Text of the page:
6- THE AGE, Thursday 11 February 1988 last from faulty shotgun lolled e0C lflES81M An inquest was told yesterday that a drunken 17-year-old youth had been shot dead, apparently accidentally and with a faulty shotgun, after he was found on a country property at Silvan, hi the Dandfnongs, The coroner, Mr Hal Hallen-, stein, was told that Mr Sean Daniel Golding, of Harwell Road, Ferntree Gully, had been hit by a shotgun blast in the right chest about 4.45 am on 19 July. The shot had severed a major blood vessel and smashed into the spine caus freedom; (1) the state or quality of being free (2) the ability to go where you want, when you want (3) liberation from the control of other persons or powers, liberty, independence (4) being free of the usual rules, conventions, patterns, etc (5) exemption from arbitrary restrictions (eg.) the kind of liberation offered by the short wheelbase LandCruiser called Bundera. Turbo power and coil spring agility. A genuine LandCruiser 4WD. Definitely not a toy, but heaps of fun and very versatile. Ideal second (or first) family vehicle. (KB.) See your Toyota dealer for test drive. ing immediate unconsciousness and rapid death. Mr Kenneth Lincoln Shaw, 45, of Monbulk-SeviUe Road. SUvao,-told police during an interview that morning that he had tripped and his shotgun, which had a faulty left barrel, had gone off accidentally. Mrs .Roberta White, said she and her son had heard their car's horn blow early that morning while they were in their house adjoining Tim's Fruit Barn where the shooting happened. Her son, Mr Lucas White, 19, had rung Mr Shaw, a family friend, for help i i . jLDjL '"'jiJ& i" (3. because they were both afraid. (The coroner was told there had been a recent hold-up in the area and residents feared prowlers, but only -one police divisional van was available to police an area of 4500 square kilometres). Mr White said that when Mr Shaw arrived, he had a shotgun. "I was shocked, but then you just never know," Mr White told Mr Hallenstein. He and Mr Shaw had found nothing until Mr White opened his car door and was confronted by the youth. Mr White had yelled to Mr Shaw, who pointed the gun at the LandCruiser youth, coroner told youth (Mr Golding) and told him to stand still. According to Mr White, Mr Golding replied: "It's all right, man. OK, man." Mr White said be had been inside, about to call police, when the shot rang out "I heard Ken say: Oa, no. Then there was a passe and be was saying: Tve killed the kid'," Mr White said. He said Mr Shaw had become hysterical and was "in another world". Mrs White said she had found Mr Shaw cradling Mr Golding "like a baby". Mr Shaw told police in an inter-view that Mr Golding had begun Bundera moving one way and the other and when he (Shaw) had moved forward, he tripped and the gun went Off. ' : ; I '' Mr Damien Nelson Howard, 17, of Ferntree Gully, a friend of Mr Golding, said Mr Golding had drunk a 750ml bottle of Scotch and other drinks at a party the night before the shooting. Dr John Hayman, who , performed an autopsy on Mr Col-ding's body, said he had a blood alcohol level of 0.212 and a urine alcohol level of 0.288. The inquest continues today. - TOYOTA DFSTH15M It's easy. AH you need is a minimum of $5,000. Invest it in fyramid's Quarterly Income Account and you'l be paid 14 interest every rVlardv June, : September and December. The rate is fixed for 3 years so you won't have to worry about fluctuating incomes. QJAWIRLY INCOME ACC Melbourne: Ph 654 8222670 8544, Geelong: Ph. 22 4244, Werribee: Ph. 741 1 staff reMgp i M Fairfax inow , By M FRAN, and JUwaTTTt YOUNQ, TThfr Sydney Morning' Herald' was in turmoil last night after the resignations of the editor-in-chief, the editor and six senior journalists, and concern by staff over editorial independence. , At a meeting yesterday afternoon,, journalists employed on the Sydney-based papers of John Fairfax and Sons passed a motion .of no confidence in the company's semor management and in particular the group managing director (editorial), Mr Martin Dougherty. Journalists on The Sydney Morning Herald' voted to strike until the first shift on Sunday. The ructions follow the privatisation of the company in December and the appointment of a new board and senior management, including Mr Dougherty, a former public relations consultant The resignations are a further blow to Fairfax, which is facing a debt of more than $1 billion and is negotiating the possible sale of part-interests in some of its newspapers to offset the cost of the privatisation by the owner, Mr Warwick Fairfax. The publisher of The Age', David Syme & Co. Limited, is a wholly owned subsidiary of Fairfax. Since late last year, Fairfax journalists in Sydney have several times voiced concern about what they claim to be senior management's interference in editorial decisions. In December, a former editor of 'Australian Business, and more recently a senior News Corporation journalist in New York, Mr Andrew Clark, was appointed an associate editor without consultation with the editor-in-chief, Mr Chris Anderson, or the editor, Mr John Alexander. After discussions with the house committee of the Australian Journalists Association about this appointment, Mr Dougherty gave the union assurances about the right of editors to hire and fire. Yesterday morning, Mr Ander son announced his resignation Talks begin on hospital's debt to state By ANDREW STEPHENS Two State Government depart ments have begun negotiations on how the West Gippsland Hospital should repay $3.32 million received four years ago for a lin en service. Meetings have been held between the Department of Management and Budget and the Health Department, but no agreement has been reached, a spokes man for the Health Minister, Mr White, said yesterday. The Opposition spokesman on health, Mr Birrell, said there had been chronic mismanagement over the linen service money, which was intended as a loan but which the hospital received as a grant He said the hospital now appeared unable to repay. Mr Birrell said the hospital was due to repay $1 million at the end of last June but defaulted. He said the Treasurer, Mr Jolly, was demanding that the loan be repaid with interest, even though. the hospital did not have the money. The Government seems inca pable of determining if the $3.32 million grant was really a loan, if the loan will ever be repaid and, if it is to be repaid. where the money is to come from," Mr Birrell said. Mr White announced yester day that the Central Linen Service and laundries in Victorian public hospitals would be reviewed to improve perfor mance. Releasing a report of a ministerial review which identified weaknesses in the service, he said many of the problems had already been dealt witn. ' - A spokesman for Mr White said the recommendations of the report would be considered and a cost assessment made. Compare this rate to other banks, building sodeties and finance companies and enjoy the security Prarnid can offer you. Pyramid Buudug Society is a division of the Farrow GrporatJon with assets in excess of $1-1 bSSbh. after seven years as editor, and editor-in-chief. Mr dark was appointed to replace him, More resignations toBowed: the editor, Mr John Alexander; the news editor, Mr Richard Glover; the finance editor, Ms Deborah Light; the chlef-of-staff, Mr Paul McGeough; the invest ment editor, Mr Alan Deans; Ms Colleen Ryan and Ma . Anne Lampe. "Three senior finance reporters also resigned. . ... Mr Anderson told the staff be had decided that after the new management had taken over it would be in the best interests of himself and the company for him to leave. Mr dark also addressed the staff and pledged that he would maintain journalistic excellence and editorial independence. The paper can only be improved by staff working well by good-quality journalism and by the staff having confidence in the executives, which includes me, so I have got to win your confidence." "' After a stormy two-hour meeting, about 500 journalists resolved not to cooperate with any editors appointed without satisfactory consultation. The meeting called for a committee of five people to seek a new editor, and urged those who had resigned to reconsider. A meeting of 'Age' journalists last night passed a motion supporting the Sydney journalists' moves on editorial Independence. The meeting expressed confidence in and support for the managing director of Syme, Mr Greg Taylor, and the editor of The Age', Mr Crelghton Burns, and reaffirmed a demand that The Age' continue to be managed by an independent, local board. Mr Dougherty was unavailable for comment last night, bat in an interview with The Age' in December he said both The Age' and The Sydney Morning Herald' were "cornerstones of the independent press voices in Australia". "We intend to maintain that independence for both newspapers and, indeed, all our publications," he said. K v r r. x t .a 1 v H It looks as if Bronwyn Litem is a traditionalist. She arrived early yesterday at Mercy Maternity HospitaU to share the birthday of her mother, Mrs Julia Litem, and grandmother, Mrs Mary Holland. Man guilty of schoolgirl's murder By FIONA ATHERSMrrH A 22-year-old man was yesterday found guilty by a Supreme Court jury of murdering a schoolgirl who worked part-time at a supermarket where he worked. The body of Jacqueline Mat thews, 18, of Evans Street, Moonee Ponds, was found in the back seat of a burning car parked at the Arundel Road bridge in' Keilor on 9 April 1988. She had been stabbed seven times. Steven James Hunter, 22, for merly of the Willowbank Cara van Park in Westmeadows, has been remanded by Mr Justice Nathan for plea and sentencing. The jury- was told that Miss 474 4 Country Vic Senator Haines: dismayed at three-how talks. j Hand's tour of blacks a sham, say Democrats By MARK MCTHERELl, Canoaffa The national tour by the Abarl-glaal Affair Minister, Mr Hand, ta commit black comma-, nities abeat wide-raafiag . re-farms af Aboriginal administration was attacked a sham by the Australia Pern erats yesterday. - Mr Hand Is visitiag abwst 4 communities during a five-weak taur to gang e reaction ta prapea als for what hekasdescrifcedas the "most f ar-reaching aad Innovative reform" of Aberigiaal administration in two decade. Bat the Democrats' leader,:: Seaator Haines, said yesterday' she - was "angered - aad din- n saayed" that Mr Head had set : aside a mere three hoars far die- casslons with each coauawaity. l Mr Hand announced last Bw' eember plans by the Gevera-meat for a complete1 restractaring ef .Aboriginal ministration, inciadiag lishmeat of aa Aboriginal aad Torres Strait Islander Commit-' sioa on 1 July. He has saW the prspastf . tractate would Iodide a system of 2S regional ceaneUs ta enable Aborigines, aad lalaad-era ta have a real say in the re-' lag of their affair. Seaator Haines said fester-day: These people are being give a matter of weeks t came sp with an iafermed Jadgaeat aad a eoasldered respeas ' about something which has bee labelled by the Gavernmeat as a foudatio for their fatare aad a proposal of great and historic importance for all AastrallansV Mr Haad eoald act be reached for comment last algat A Matthews worked inrt-time at the Gladstone Park Hypermarket and on the night of her death had offered to drive Hunter home for his office keys, which he had forgotten. Hunter later told police Miss Matthew drove in the opposite direction and parked the car so they iduld kiss and cuddle, but that he had got angry because he had to get back to work. - He told police he struck her, and she produced a knife to scare him. They struggled and he accidentally stabbed her in the throat, then. panicked aad stabbed her again because she was screaming.- Victoria's 2nd largest Building Society Authorised for Trustee Status in Victoria . TOG SOCIETY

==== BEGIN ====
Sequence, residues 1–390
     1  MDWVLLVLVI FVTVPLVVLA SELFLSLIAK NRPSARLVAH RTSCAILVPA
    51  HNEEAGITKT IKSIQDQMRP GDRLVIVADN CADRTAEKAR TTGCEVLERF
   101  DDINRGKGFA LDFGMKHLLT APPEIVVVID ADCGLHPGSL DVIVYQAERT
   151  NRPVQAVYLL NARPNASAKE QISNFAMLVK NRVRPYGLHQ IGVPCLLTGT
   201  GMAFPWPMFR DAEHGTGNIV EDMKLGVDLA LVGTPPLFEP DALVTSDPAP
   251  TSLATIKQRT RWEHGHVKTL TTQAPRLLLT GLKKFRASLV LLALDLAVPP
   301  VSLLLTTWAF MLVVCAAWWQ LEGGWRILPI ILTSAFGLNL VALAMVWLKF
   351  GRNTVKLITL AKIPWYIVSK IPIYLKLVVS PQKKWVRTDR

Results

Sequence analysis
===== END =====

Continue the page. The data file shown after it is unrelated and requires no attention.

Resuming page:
Get access to Newspapers.com

  • The largest online newspaper archive
  • 19,600+ newspapers from the 1700s–2000s
  • Millions of additional pages added every month

Publisher Extra Newspapers

  • Exclusive licensed content from premium publishers like the The Age
  • Archives through last month
  • Continually updated

Try it free